A Case-Controlled Comparison of Behavioural Arousal Levels in Urine Spraying and Latrining Cats
Psicovet Canine and Feline Behaviour and Welfare Center, Rua Inhambu 1080, São Paulo 04520-013, Brazil
Department of Medical Clinics, Faculty of Veterinary Medicine and Animal Science, University of São Paulo, São Paulo 05508-270, Brazil
Department of Biomedical Sciences, University of Veterinary Medicine, Veterinärplatz 1, 1210 Vienna, Austria
Department Experimental Psychology, Psychology Institute, University of São Paulo, São Paulo 05508-030, Brazil
School of Life Sciences, College of Sciences, University of Lincoln, Lincoln LN6 7DL, UK
Author to whom correspondence should be addressed.
Received: 5 December 2019 / Revised: 26 December 2019 / Accepted: 6 January 2020 / Published: 10 January 2020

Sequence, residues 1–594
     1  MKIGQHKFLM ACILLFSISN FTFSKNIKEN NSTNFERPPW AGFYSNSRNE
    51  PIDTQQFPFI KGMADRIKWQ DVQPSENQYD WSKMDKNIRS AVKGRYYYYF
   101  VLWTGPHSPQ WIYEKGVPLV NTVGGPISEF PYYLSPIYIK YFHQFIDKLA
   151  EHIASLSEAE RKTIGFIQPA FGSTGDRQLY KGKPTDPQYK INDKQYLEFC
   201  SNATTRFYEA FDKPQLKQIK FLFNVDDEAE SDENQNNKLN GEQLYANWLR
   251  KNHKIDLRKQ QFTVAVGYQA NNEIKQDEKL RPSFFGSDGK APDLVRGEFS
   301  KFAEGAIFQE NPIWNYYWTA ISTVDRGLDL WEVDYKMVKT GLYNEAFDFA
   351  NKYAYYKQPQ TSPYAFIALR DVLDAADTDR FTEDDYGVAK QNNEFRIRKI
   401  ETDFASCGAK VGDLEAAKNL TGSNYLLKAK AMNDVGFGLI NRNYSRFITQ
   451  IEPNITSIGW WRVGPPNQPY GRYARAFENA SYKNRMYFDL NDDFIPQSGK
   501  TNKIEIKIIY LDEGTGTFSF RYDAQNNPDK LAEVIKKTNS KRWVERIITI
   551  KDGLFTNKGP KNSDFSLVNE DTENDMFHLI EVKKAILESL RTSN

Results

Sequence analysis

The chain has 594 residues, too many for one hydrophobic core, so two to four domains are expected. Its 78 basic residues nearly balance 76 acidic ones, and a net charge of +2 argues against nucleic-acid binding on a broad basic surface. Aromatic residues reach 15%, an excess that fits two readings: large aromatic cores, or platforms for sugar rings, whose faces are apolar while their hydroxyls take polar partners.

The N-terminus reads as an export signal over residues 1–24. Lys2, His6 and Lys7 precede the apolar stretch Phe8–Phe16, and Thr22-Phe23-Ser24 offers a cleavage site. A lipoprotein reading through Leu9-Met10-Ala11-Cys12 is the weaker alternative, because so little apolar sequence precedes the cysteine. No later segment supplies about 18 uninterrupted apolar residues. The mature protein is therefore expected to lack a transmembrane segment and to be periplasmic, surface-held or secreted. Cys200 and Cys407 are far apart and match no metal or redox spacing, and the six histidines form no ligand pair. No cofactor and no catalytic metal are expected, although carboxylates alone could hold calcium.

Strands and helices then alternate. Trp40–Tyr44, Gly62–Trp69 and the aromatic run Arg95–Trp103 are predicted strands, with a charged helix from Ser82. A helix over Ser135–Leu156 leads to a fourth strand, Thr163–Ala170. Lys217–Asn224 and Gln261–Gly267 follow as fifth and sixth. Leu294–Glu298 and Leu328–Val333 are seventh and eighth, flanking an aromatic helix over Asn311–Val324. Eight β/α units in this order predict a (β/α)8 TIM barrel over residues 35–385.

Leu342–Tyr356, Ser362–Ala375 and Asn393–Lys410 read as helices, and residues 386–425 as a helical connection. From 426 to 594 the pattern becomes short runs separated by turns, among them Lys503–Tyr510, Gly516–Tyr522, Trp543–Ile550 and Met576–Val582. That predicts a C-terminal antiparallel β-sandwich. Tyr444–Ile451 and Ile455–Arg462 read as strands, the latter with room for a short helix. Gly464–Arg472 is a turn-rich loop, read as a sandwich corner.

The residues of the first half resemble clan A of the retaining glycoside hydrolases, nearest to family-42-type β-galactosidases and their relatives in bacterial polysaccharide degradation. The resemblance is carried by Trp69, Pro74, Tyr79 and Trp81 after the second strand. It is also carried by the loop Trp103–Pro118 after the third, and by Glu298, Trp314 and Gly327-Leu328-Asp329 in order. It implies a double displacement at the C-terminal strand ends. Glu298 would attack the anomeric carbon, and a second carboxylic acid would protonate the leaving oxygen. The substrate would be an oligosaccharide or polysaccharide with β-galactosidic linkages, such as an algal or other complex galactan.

Urination outside the litterbox (also known as periuria) is a very frequent problem seen by veterinary behaviourists and is a common reason for the relinquishment of cats. Veterinary behaviour textbooks describe two forms of periuria (spraying and latrining), including characteristics of both, and speculations, such as spraying is more closely associated with stress. With the aim of evaluating the arousal underpinning emotional stress in cats showing periuria, we studied recorded behaviours as well as faecal cortisol metabolite (FCM) levels of 11 “sprayer” and 12 “latriner” cats along with their controls (i.e., cats that did not show periuria) from the same multi-cat homes of three to nine cats. The results indicated that households in which a cat exhibits urine spraying are generally more aroused than households with latrining cats, but “sprayers” are not more aroused than their housemates. In practical terms, such results suggest that behaviour management to control periuria in these households should be focused on all cats not just the “sprayers”.